In any criminal case a defendant is entitled to an attorney even if they cannot afford one; the same defendant is also entitled to an attorney who is free from a potential conflict of interest.
This normally does not create a problem unless there are multiple co-defendants, who cannot afford a private attorney.
Clearly the public defender would be appointed to represent the first defendant, but what about the others? If the public defender’s office represented more than one defendant there could be a conflict of interest. after all, how could the same office be expected to do what is best for each defendant individually. In any criminal case the defense lawyer must look out for his or her client individually; even if that comes at the expense of others charged. The defense attorney must always be able to use the argument: “the other guy did it” or ” the other guy made my client do it”.
In the past, private attorneys would sign up to represent the other defendants at a pre-arranged, lower cost rate. In 2008, the Legislature decided to drastically reduce the rate that it paid private “conflict attorneys” which caused the list to shrink leaving only a hand full of attorneys.
This created a problem for Manatee County Chief Judge Lee Haworth last May when he was assigned a 15 defendant drug trafficking case. Judge Haworth assigned the public defender for the first defendant then turned to the conflict counsel list and began to make appointments until he ran out of lawyers. That’s when the Judge decided to randomly appoint attorney Gregory Hagopain; the only problem was that attorney Hagopain wanted nothing to do with the case and the small amount of money that the state was willing to pay. Hagopain has been trying to get off of the case ever since his appointment but his pleas have been denied. According to Hagopain the case has 382 witnesses and boxes of discovery that would swamp his one lawyer practice.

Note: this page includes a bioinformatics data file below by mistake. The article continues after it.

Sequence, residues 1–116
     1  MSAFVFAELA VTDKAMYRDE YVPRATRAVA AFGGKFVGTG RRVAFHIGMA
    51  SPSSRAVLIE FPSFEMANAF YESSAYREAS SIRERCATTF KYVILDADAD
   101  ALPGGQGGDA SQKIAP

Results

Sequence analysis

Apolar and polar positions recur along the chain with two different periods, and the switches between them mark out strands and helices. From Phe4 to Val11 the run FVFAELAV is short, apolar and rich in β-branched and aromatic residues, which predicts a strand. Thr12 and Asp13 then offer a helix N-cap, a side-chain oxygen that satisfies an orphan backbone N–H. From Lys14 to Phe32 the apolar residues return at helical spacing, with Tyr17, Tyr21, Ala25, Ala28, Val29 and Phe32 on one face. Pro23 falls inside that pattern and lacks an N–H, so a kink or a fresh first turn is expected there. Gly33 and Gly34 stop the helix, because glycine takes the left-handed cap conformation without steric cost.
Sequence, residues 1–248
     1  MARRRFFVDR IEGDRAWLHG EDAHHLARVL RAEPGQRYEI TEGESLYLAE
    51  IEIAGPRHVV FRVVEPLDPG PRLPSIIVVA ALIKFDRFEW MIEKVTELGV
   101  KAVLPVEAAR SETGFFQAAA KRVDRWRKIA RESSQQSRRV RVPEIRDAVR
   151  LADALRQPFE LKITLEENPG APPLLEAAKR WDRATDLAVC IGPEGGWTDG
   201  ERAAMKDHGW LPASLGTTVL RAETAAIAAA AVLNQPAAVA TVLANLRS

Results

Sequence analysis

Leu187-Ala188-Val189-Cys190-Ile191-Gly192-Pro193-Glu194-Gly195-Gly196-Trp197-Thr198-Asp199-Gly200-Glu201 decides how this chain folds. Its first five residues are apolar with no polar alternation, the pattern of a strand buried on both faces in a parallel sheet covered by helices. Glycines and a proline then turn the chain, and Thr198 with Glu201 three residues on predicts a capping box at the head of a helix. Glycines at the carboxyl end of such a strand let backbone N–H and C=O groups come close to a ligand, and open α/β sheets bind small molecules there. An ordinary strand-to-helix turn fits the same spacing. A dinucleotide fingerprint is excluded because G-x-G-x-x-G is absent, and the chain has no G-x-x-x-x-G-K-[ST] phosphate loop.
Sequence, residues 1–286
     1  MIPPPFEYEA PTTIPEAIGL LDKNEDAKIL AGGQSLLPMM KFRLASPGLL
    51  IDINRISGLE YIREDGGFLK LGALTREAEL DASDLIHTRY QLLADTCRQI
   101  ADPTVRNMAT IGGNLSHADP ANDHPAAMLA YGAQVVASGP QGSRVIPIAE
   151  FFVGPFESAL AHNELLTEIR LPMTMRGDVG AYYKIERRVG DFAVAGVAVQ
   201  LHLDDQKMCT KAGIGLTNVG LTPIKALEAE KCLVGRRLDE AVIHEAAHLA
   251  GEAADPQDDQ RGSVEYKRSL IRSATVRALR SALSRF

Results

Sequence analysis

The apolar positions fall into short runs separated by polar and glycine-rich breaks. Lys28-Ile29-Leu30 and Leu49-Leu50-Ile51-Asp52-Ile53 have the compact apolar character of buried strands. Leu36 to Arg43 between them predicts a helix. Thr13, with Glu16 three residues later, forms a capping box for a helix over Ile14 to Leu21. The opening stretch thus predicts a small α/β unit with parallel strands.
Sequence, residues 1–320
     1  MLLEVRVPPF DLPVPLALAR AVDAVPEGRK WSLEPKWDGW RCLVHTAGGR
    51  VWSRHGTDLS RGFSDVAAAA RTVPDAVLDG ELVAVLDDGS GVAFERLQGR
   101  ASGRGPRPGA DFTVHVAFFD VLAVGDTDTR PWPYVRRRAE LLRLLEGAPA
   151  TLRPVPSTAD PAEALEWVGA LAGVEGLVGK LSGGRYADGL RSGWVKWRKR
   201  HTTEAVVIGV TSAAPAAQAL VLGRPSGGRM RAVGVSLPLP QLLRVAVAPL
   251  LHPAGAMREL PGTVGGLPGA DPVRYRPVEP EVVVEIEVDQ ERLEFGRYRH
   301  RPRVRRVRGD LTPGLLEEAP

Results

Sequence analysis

This appointment has not been good for the attorney, as he is forced to take time away from his other clients, and the defendant has been forced to have an attorney who does not want to represent him. It is likely that this will become a more common situation as the legislature continues to cut funding for the Florida Judicial System.